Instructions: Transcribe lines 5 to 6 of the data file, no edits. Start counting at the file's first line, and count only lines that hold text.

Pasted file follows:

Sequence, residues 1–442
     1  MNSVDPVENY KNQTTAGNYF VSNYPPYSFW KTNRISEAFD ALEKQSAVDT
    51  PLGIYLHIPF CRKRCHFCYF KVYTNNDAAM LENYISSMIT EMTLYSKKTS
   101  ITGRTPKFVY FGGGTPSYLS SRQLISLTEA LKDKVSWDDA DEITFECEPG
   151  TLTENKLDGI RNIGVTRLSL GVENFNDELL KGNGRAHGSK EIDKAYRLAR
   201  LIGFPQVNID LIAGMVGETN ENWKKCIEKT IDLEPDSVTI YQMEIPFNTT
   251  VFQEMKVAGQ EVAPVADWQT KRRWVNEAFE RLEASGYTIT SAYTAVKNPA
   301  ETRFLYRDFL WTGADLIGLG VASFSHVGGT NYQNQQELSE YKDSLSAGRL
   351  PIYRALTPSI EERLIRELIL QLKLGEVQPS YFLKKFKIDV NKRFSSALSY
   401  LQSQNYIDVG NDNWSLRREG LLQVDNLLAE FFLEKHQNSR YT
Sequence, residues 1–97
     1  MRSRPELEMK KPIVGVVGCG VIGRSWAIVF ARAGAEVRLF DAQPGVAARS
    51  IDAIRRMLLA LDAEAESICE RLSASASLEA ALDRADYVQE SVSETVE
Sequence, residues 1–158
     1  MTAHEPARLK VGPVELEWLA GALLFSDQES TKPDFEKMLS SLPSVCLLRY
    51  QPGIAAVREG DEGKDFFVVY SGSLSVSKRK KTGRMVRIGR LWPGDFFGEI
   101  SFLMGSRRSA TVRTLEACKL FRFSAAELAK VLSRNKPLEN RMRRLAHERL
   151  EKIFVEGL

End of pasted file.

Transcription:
   151  TLTENKLDGI RNIGVTRLSL GVENFNDELL KGNGRAHGSK EIDKAYRLAR
   201  LIGFPQVNID LIAGMVGETN ENWKKCIEKT IDLEPDSVTI YQMEIPFNTT